The "Four-M" categories are typically used as a starting point: "Materials", "Machines",
"Manpower", and "Methods". Different names can be chosen to suit the problem at hand,
or these general categories can be revised. The key is to have three to six main categories
that encompass all possible influences. Brainstorming is typically done to add possible
causes to the main "bones" and more specific causes to the "bones" on the main "bones".
This subdivision into ever increasing specificity continues as long as the problem areas can
be further subdivided. The practical maximum depth of this tree is usually about four or five
levels. When the fishbone is complete, one has a rather complete picture of all the
possibilities about what could be the root cause for the designated problem.
The Cause-and-Effect diagram can be used by individuals or teams; probably most effectively
by a group. A typical utilization is the drawing of a diagram on a blackboard by a team leader
who first presents the main problem and asks for assistance from the group to determine
the main causes which are subsequently drawn on the board as the main bones of the
diagram. The team assists by making suggestions and, eventually, the entire cause and effect
diagram is filled out. Once the entire fishbone is complete, team discussion takes place to
decide what are the most likely root causes of the problem. These causes are circled to
indicate items that should be acted upon, and the use of the tool is complete.
The Ishikawa diagram, like most quality tools, is a visualization and knowledge organization
tool. Simply collecting the ideas of a group in a systematic way facilitates the understanding
and ultimate diagnosis of the problem. Several computer tools have been created for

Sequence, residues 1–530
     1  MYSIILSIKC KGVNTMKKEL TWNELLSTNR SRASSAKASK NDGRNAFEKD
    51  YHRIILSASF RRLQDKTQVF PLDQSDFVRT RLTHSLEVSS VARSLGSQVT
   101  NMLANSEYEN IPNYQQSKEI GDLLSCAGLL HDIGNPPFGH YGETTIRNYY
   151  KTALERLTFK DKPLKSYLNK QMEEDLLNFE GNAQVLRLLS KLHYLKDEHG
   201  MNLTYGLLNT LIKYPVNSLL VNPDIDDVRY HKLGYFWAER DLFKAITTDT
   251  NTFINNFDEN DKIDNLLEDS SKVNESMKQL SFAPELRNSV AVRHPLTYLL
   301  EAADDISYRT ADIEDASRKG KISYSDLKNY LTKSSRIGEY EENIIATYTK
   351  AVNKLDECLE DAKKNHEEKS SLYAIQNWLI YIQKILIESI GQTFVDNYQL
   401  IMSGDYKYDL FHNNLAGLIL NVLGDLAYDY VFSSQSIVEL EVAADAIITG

assisting in creating Ishikawa diagrams. A tool created by the Japanese Union of Scientists
and Engineers (JUSE) provides a rather rigid tool with a limited number of bones. Other
similar tools can be created using various commercial tools.
Only one tool has been created that adds computer analysis to the fishbone. Bourne et al.
(1991) reported using Dempster-Shafer theory (Shafer and Logan, 1987) to systematically
organize the beliefs about the various causes that contribute to the main problem. Based on
the idea that the main problem has a total belief of one, each remaining bone has a belief
assigned to it based on several factors; these include the history of problems of a given
bone, events and their causal relationship to the bone, and the belief of the user of the tool
about the likelihood that any particular bone is the cause of the problem.
How to Construct:
Place the main problem under investigation in a box on the right.
Have the team generate and clarify all the potential sources of variation.
Use an affinity diagram to sort the process variables into naturally related groups.
The labels of these groups are the names for the major bones on the Ishikawa
Place the process variables on the appropriate bones of the Ishikawa diagram.
Combine each bone in turn, insuring that the process variables are specific,
measurable, and controllable. If they are not, branch or "explode" the process
variables until the ends of the branches are specific, measurable, and controllable.
Environment (place) Service (method)
General presentation of the place Reactive
of wedding reception
Staff (Wokring force) Food and beverage (material) Tools
Motivated Choice Dishes
Smilling Quality Cleaness
6. A refrigeration and heating company—one that installs and repairs home central
air and heating systems—has asked your advice on how to analyze their service